I was lucky. I think I see about as many movies now as then. I only saw about two or three movies at the most per week, ever. That allowed me to concentrate on one movie. Why'd you ask that?

In your wake, critics would tout their cinephilia. Truffaut said that he saw three a day, Fassbinder claimed to have seen four a day.

I could never take that kind of regimen. Jim Agee went to many more a week. Pauline [Kael] did, too, and Andy Sarris. I don't know what it means. Once I started teaching, the whole game changed. My relationship to film viewing changed. Patricia and I had a projector and fold-up silver screen in our living room. We watched the same film constantly, with or without sound, often stopping, running it backwards. Tom Luddy sent the best films from the archives and often the directors: Rossellini, Godard, Franju. An intense little community was studying, talking about film.

The new version of Negative Space has added tremendously from your later period. Is it missing anything? What would you have included?

A piece that Patricia [Patterson] and I wrote on the Venice Film Festival, the year we first saw The Merchant of Four Seasons [Rainer Werner Fassbinder, 1971] and the Duras film. We just forgot about it when we were putting together the book. It's actually a better piece than the one on Fassbinder that made it in. It was an awfully hard piece to write--we spent about two weeks in London holed up with the damn thing. The ones that are difficult to write tend to turn out better. Your concentration is more intense. You're forced to define things things more closely. The time element increases the depth of the writing. The articles that go easy [in my work] are not worth reading. There's a drop-off in my work in a certain year, when I pretty much disappear from criticism. I begin to teach more and get to see the films over and over again. This is what I call the "swerve" in my work. I learned much more about directors, photographers, etc. There's a shift into foreign films when I finally start writing again--or when we start, when it involves Patricia. I wish to God I could write the Val Lewton article again so I can write about I Walked With a Zombie. I'd love to write about Tourneur. He's got a beautiful eye. The Rossellini movie [Viaggio in Italia] comes out of that period. I wish I'd written about Muriel, the Resnais film. I would have loved to have written on Mizoguchi. This hiatus was about five or six years, when I was doing carpentry. Afterwards, that's where I get much more involved with technique, the working of a film.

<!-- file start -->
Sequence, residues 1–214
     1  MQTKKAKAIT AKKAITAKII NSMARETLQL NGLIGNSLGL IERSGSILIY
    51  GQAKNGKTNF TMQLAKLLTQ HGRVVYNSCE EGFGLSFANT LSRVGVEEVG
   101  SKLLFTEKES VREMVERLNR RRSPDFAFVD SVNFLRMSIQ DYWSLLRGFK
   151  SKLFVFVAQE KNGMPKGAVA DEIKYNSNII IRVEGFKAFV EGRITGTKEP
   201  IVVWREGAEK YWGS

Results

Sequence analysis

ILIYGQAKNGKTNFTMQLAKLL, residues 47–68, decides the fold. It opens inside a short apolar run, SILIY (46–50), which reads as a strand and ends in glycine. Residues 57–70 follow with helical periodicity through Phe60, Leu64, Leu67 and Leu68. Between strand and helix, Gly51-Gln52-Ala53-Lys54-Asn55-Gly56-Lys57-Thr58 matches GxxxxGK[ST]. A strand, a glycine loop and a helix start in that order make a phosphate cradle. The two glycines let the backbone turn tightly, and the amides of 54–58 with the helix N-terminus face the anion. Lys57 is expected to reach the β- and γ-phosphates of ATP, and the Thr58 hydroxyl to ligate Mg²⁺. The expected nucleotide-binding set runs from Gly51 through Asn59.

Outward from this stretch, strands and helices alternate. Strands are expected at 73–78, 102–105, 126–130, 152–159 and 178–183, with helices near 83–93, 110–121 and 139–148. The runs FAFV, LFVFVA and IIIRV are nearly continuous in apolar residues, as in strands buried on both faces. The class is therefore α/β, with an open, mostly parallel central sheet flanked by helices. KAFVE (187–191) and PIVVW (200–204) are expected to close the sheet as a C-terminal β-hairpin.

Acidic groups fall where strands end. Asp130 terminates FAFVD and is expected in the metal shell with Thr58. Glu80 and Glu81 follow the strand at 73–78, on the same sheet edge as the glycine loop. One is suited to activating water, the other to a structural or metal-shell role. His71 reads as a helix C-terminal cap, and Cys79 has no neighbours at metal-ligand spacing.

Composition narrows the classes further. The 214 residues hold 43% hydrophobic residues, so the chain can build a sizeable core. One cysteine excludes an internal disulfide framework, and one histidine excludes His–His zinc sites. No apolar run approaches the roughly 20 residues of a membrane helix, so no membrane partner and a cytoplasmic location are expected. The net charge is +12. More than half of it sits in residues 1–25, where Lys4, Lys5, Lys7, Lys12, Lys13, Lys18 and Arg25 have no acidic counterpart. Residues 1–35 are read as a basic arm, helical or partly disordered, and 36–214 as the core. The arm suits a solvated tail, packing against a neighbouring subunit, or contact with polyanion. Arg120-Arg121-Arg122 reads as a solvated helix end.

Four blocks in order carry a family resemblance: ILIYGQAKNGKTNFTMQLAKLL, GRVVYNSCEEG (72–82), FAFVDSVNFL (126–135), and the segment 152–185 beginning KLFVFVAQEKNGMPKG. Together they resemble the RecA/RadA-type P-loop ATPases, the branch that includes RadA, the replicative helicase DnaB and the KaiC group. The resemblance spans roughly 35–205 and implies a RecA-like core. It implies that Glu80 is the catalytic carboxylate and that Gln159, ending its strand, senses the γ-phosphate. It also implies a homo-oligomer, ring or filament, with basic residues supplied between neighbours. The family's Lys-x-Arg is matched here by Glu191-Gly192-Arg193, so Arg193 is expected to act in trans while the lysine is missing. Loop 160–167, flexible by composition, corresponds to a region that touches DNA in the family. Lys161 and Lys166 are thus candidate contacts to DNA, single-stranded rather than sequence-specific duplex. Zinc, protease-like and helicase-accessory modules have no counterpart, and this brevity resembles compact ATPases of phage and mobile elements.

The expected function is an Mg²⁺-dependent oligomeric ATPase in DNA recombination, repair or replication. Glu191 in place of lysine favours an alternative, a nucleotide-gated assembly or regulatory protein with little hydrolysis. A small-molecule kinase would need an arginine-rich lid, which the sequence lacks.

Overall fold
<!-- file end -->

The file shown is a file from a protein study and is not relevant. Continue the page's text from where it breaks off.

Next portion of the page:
You've said that you didn't like to meet actors, directors you'd written about.

My recalcitrance had to do with being influenced and nudged around by them. I could be straighter in writing. That was a problem I had with Agee, [who was] living with Huston, Ida Lupino. He handled it very well, though. If I were still a critic, I would loathe knowing the person I was writing about. There's enough of an incestuous relationship between subject and writer. I have a great love of the actual.

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From the October 11, 1999 issue of the Metropolitan.

Copyright © Metro Publishing Inc. Maintained by Boulevards New Media.